A Cultural Approach to Overpopulation 5/9/06

Joey Roth

Overpopulation is a condition that, for nonhuman organisms, can usually be absorbed and mitigated by the ecosystem. It is critical to remember that “overpopulation” does not refer to s specific population threshold, it refers to a ratio between population and available biological resources. When discussing Earth's carrying capacity, this ratio changes based on the development of new technologies that can increase the bioproductivity of available space. It can also change due to the depletion of non-renewable resources however, in which case a lower number of people would constitute overpopulation. The utility of the resource/ population ratio breaks down in modern human societies however. In this context, factors such as economics, politics, and the social climate can impact who gets the needed resources, and can thus lead to artificial pockets of overpopulation. Examples of such “artificial” famines are not difficult to find in history: China's Great Leap Forward, the Irish Potato Famine, Somalia in the 90's, etc. In fact, all major famines in modern history are “artificial” to some degree because each depended on large population densities or the mismanagement of resources, or both.

Although it has been construed as such, the issue of overpopulation is not a new one. Rev. Thomas Malthus (1798) originated the idea that human population growth is exponential, and predicted that Britain's current growth rate was unsustainable. Even before this, Jonathan Swift (1729) wrote A Modest Proposal which, along with becoming a classic of high school English classes during the unit on satire, suggests that eating Irish babies could save people from overpopulation-induced famine. Malthus was the first to write scientifically about overpopulation however, and his concept was summarized in what became the Malthusian growth model. It held that, while human population growth was exponential, the growth of the food supply was linear. The suggestion here was clearly that the food supply could not keep up with the “human supply”. While this prediction was valid within the technological climate of Malthus's time, advances in agriculture, specifically the Green Revolution, have significantly bumped up the Earth's carrying capacity. Because the revolutionary part of the Green Revolution was the application of petrochemicals to agriculture however, its practices have in effect tied the food supply to the oil supply, which, as discussed previously, is rapidly being depleted. While nuclear power could solve an energy crisis, it is unclear how the boost in farm productivity achieved through the use of petrochemicals could be sustained (for a reasonable price) in a world with a scarce supply of petroleum. In order to support population growth projections, either fa more land will have to be devoted to growing food, or individuals will have to radically alter their consumption habits.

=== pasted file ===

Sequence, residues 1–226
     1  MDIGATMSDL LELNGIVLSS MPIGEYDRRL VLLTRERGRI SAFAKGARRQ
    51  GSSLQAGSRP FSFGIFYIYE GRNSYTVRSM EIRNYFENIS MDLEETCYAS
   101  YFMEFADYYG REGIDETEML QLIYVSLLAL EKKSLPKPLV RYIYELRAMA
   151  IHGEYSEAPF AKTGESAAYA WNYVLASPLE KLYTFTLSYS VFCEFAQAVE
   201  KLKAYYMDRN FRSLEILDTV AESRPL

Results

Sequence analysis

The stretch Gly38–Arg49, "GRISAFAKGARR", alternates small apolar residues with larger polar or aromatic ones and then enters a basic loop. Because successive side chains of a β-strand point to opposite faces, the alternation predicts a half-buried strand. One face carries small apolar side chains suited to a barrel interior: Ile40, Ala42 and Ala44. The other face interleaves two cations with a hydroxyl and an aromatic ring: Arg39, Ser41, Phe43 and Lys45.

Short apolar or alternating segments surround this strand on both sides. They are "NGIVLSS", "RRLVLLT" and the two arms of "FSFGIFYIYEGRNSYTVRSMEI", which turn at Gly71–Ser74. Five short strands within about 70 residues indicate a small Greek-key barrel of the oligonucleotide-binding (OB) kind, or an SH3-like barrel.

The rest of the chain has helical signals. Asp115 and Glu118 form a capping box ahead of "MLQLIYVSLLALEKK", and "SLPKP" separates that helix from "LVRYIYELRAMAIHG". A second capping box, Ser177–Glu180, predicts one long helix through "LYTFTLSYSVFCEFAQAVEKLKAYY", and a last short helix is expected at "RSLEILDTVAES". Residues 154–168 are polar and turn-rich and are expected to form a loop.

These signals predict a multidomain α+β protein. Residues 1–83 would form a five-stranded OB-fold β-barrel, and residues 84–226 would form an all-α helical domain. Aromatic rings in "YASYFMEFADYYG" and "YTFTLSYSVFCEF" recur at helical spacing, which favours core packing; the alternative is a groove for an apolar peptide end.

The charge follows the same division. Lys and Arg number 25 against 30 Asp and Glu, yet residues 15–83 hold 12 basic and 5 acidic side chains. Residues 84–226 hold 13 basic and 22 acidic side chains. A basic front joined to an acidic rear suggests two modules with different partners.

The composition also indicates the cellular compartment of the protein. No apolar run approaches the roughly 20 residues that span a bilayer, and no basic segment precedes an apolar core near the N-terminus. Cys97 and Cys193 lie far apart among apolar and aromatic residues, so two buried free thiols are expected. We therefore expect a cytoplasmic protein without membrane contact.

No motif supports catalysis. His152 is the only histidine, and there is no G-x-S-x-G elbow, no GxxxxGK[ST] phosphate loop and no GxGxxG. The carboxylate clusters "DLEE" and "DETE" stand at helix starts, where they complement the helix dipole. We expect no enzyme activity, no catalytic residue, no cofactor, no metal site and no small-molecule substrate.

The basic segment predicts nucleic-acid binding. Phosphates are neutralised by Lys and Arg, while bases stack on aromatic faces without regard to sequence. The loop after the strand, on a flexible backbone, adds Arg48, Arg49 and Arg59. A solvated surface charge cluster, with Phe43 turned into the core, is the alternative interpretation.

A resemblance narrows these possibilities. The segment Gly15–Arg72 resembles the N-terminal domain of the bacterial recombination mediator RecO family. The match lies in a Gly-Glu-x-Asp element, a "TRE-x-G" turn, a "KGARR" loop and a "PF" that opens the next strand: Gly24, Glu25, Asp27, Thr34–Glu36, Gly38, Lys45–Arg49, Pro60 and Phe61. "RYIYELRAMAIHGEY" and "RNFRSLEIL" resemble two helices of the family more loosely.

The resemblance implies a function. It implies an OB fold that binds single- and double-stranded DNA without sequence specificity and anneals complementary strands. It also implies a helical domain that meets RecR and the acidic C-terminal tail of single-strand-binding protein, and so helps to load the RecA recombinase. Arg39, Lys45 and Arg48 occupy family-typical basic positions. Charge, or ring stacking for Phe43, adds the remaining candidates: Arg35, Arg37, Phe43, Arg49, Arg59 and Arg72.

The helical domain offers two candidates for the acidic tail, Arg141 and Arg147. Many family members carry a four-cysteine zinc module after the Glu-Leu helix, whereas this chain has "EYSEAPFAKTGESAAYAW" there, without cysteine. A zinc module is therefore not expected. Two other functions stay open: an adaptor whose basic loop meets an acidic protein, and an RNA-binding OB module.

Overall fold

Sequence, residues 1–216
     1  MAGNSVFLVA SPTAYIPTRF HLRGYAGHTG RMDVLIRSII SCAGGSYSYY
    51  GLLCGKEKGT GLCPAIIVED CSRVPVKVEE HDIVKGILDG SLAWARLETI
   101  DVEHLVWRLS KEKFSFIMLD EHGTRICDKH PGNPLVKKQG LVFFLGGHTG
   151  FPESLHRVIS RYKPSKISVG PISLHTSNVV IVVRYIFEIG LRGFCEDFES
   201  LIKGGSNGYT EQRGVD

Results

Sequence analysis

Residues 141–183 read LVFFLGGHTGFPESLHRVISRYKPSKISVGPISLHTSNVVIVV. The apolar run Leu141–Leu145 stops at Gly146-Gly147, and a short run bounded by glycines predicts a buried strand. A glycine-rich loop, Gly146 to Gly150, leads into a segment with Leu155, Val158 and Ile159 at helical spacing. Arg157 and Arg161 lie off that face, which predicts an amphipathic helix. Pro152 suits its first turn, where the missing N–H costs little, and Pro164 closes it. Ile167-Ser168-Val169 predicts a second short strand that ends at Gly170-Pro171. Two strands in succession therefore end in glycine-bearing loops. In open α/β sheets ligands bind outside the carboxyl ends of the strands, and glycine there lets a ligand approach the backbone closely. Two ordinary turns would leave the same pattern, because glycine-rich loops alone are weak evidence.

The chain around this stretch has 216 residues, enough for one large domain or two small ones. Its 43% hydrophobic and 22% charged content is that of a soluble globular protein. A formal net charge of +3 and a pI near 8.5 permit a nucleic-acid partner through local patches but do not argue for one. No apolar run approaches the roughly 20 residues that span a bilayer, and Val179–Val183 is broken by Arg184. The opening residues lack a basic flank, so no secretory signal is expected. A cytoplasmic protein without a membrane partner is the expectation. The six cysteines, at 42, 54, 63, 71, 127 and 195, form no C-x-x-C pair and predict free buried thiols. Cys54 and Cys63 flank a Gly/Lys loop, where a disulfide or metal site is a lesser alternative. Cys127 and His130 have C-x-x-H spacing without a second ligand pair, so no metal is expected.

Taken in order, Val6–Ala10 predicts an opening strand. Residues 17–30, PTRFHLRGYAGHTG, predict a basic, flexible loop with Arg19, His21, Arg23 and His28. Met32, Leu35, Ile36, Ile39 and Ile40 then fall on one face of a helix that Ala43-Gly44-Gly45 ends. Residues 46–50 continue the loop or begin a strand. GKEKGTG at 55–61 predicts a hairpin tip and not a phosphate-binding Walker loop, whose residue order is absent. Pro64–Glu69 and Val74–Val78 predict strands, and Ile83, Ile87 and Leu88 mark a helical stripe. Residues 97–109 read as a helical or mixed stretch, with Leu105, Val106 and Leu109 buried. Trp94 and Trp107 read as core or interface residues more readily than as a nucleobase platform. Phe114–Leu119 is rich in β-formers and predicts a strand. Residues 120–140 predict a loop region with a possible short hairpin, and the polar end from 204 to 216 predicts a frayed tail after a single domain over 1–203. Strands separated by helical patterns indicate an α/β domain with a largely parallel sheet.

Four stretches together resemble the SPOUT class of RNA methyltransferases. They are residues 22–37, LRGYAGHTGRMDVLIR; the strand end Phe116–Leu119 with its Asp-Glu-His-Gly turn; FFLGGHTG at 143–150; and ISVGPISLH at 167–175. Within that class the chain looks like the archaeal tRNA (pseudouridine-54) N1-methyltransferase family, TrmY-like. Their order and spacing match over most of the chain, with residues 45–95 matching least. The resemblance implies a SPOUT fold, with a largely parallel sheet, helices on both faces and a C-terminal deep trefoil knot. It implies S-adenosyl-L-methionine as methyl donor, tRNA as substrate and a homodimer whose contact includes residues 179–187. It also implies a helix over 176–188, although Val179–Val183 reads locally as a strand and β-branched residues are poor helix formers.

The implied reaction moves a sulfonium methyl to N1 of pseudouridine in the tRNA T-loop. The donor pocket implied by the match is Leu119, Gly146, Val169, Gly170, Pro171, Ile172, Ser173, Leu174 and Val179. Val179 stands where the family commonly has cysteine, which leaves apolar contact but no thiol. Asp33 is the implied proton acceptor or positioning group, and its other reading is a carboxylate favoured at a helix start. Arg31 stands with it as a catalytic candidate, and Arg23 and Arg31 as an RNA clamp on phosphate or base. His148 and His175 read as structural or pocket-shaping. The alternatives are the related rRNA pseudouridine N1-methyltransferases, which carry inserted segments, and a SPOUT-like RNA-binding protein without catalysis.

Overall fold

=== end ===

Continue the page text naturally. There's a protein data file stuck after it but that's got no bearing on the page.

This raises the concept of the ecological footprint. The term “population” as used in the Malthusian growth model belies the variability between different population groups and between individuals within those groups. The demands that one person places on he environment (that individual's “ecological footprint”) is not necessarily the same as another's. In fact, an individual from a developed nation and an individual from a developing or non-developing nation would likely have drastically different patterns of consumption, and hence ecological footprints, simply as a result of what's available in their respective ecologies. Culture has a way of adapting to the environment, and thus people in environments with limited resources may be able to use what's available to support more people than would individuals from American culture were they transported to a similarly scarce environment. A cultural shift in patterns of consumption may therefore be one of the only solutions available once the agricultural use of petrochemicals becomes untenable. There is already significant agitation towards this efficiency-oriented direction on the side of energy consumption, and things like the Prius, peak oil debate, Earth Day, and advances in photovoltaics all point to energy efficiency becoming a cultural value. Relatively little is being done to curb other forms of consumption, particularly in the realm of food. Consuming locally grown produce that is cultivated in the most sustainable, (not necessarily efficient) way could do much to curb one's ecological footprint. There is a vegetarian movement, but their doctrine generally focuses on the moral implications of eating meat, an argument that falls on deaf ears much of the time. If these activists instead focused on the fact that meat is one of the most energy-intensive ways of getting nutrition, much of the relative success of the environmentalism movement could be harnessed. I'm not personally opposed to the consumption of meat, but believe that it could be cultivated in far less ecologically demanding ways: cowpods, for example.

In my last essay I discussed how culture could be considered a form of technology. In the case of overpopulation, it may be the only truly effective “tech fix”. If we do not develop a worldwide cultural aversion to and condemnation of those who have obscenely large ecological footprints, no other technology other than space colonization will allow a significant increase of Earth's carrying capacity. Even space colonization is geared towards relieving the pressure on Earth.

I invite each person who reads this to take the Ecological Footprint Quiz: http://www.myfootprint.org/